Last Updated on July 26, 2021 by Marco
Has your Chi taken to limping suddenly out of nowhere? Check out out Chihuahua Front Leg Problems Guide for vetted answers to your queries!
There’s little doubt that Chihuahuas make excellent pets. They’re loyal, lovable, and overall delightful. However, if thus far you’ve never had experience with toy dog breeds – there are some issues you need to be aware of. You see, the care and maintenance of Chis differs from other canines because they’re pretty small in stature. An adult Chihuahua’s weight clocks in at approximately 6 pounds as an adult – meaning they need delicate handling.
It’s remarkably easy for a Chihuahua to get hurt, and they’re quite prone to developing front leg concerns. However, before you get too ahead of yourself – relax. This article will not only walk you through some of the more common Chihuahua front leg problems but will also focus on what you should do if your pet suddenly starts limping.
What Does A Chihuahua Front Leg Problem Or Injury Mean
Before we get down to discussing the causes of front leg problems in Chis, let take a moment to discuss what a front leg problem is. An injury will classify as a front leg concern when you notice your pet is unwilling or unable to bear weight on its front legs. What’s more, such injuries can either develop over a period or occur suddenly.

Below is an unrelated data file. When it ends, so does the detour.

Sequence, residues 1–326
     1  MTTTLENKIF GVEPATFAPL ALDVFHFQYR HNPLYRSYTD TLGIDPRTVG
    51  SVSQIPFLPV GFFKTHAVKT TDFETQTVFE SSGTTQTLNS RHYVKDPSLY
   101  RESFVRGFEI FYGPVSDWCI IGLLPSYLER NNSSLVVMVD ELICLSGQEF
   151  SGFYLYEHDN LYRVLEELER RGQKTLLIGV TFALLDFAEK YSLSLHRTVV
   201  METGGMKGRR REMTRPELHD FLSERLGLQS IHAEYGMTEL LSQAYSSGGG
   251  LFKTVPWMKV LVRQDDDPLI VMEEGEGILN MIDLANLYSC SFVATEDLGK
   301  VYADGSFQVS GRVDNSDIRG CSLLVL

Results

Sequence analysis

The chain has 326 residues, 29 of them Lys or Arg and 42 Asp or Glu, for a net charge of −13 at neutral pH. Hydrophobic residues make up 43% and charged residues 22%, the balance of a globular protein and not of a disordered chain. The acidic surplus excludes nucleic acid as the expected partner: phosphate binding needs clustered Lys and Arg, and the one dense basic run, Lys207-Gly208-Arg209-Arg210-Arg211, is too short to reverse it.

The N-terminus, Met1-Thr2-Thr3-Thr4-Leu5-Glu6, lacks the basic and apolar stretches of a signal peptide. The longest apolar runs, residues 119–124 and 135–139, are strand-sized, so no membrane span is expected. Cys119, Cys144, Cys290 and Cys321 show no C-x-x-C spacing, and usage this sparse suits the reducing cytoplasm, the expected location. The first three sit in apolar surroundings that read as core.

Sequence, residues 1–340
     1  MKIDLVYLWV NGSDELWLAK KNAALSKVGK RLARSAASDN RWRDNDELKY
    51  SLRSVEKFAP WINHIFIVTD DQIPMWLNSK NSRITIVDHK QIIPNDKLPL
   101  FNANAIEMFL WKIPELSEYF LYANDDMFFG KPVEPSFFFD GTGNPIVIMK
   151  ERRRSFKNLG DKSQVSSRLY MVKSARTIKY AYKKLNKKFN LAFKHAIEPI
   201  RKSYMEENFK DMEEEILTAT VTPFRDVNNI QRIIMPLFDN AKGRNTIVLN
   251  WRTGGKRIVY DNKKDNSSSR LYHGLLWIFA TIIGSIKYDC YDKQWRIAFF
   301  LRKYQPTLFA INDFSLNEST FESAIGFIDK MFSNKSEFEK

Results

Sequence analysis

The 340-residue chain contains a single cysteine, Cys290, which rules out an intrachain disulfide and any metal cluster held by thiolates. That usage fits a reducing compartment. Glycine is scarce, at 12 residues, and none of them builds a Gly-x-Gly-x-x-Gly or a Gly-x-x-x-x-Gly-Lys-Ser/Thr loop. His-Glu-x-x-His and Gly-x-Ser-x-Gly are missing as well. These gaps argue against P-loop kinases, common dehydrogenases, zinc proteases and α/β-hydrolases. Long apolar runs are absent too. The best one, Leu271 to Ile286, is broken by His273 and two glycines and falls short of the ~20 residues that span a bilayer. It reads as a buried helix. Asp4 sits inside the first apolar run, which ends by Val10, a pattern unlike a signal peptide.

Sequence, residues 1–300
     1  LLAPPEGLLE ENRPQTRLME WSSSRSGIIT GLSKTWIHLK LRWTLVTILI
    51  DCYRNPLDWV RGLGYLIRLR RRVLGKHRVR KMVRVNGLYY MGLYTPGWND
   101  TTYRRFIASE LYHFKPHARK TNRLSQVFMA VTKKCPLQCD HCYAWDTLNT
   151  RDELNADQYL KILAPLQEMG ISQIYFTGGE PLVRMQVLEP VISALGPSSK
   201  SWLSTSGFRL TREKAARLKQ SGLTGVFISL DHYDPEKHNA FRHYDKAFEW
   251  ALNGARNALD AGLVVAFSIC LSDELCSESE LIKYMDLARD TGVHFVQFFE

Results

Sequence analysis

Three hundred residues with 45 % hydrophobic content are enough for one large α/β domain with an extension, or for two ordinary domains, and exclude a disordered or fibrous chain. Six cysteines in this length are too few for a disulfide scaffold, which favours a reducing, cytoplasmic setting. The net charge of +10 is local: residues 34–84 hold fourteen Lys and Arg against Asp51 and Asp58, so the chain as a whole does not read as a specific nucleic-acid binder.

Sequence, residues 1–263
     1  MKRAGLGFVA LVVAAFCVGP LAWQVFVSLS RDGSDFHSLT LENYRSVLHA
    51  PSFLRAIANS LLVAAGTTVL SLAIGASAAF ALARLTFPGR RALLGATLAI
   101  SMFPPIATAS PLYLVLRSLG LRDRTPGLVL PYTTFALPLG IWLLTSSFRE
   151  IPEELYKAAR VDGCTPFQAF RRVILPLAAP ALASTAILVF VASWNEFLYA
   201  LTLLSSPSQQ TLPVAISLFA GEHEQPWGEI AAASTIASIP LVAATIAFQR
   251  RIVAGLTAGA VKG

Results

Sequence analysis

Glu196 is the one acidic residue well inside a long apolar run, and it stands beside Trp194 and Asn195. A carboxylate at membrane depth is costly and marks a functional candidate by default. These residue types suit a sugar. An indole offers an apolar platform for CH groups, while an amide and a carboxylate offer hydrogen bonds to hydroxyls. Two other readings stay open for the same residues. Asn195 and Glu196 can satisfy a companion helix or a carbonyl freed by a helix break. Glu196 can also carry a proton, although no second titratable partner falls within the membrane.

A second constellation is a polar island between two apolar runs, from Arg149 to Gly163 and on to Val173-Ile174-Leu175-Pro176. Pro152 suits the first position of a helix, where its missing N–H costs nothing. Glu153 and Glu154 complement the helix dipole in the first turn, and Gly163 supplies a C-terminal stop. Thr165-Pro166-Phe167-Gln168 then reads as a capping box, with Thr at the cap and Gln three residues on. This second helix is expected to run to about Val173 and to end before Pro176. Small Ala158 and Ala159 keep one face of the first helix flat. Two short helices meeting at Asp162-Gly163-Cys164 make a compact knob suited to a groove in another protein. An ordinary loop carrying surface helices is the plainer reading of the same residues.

If you notice your Chihuahua is limping or is exhibiting lameness in any of the forelimbs – the best course of action is to refer to your vet immediately. Remember, when it comes to your little Chi’s health, it’s best not to take any chances.
What Can Cause Chihuahua Front Leg Problems
Here’s the thing. A front leg problem isn’t always the easiest thing for Chi parents to understand because it can occur for several reasons. Nonetheless, if you read up on the topic and are aware of the related warning signs, you’ll be able to help your little pup all the better. That’s why we’ve compiled a list of the usual culprits for Chihuahua leg injuries, and here’s what it looks like.
Chihuahua knee problems can be a common reason behind limping. And one of the more natural suspects for front leg problems in Chihuahuas is a luxating patella. That may sound like gibberish, but in reality, it’s the medical term for kneecap dislocation. The kneecap is located underneath a ligament referred to as the ‘patellar ligament.’ And it’s attached to thigh muscles near the front of the shin bone.
When your pet’s thigh muscles contract, it causes the force to travel to this ligament and can result in straightening or extending the knee. So, the patella is designed to move up and down in its place to keep the ligament in place during movement. In toy breeds, like Chihuahuas, the patella may dislocate because the patellar ligament attachment isn’t front and center of the shin bone. The irregular placement can cause your pet’s knee to be pulled sideways instead of sliding up and down.
When your pet’s knee dislocates, it may not be able to bear weight on the leg. But, the surprising bit is there are no vocal or visible signs of pain. Generally, you’ll see your pet trying to wiggle its leg, hoping for the knee to slide back in place. However, over time the condition can grow worse and may require surgery.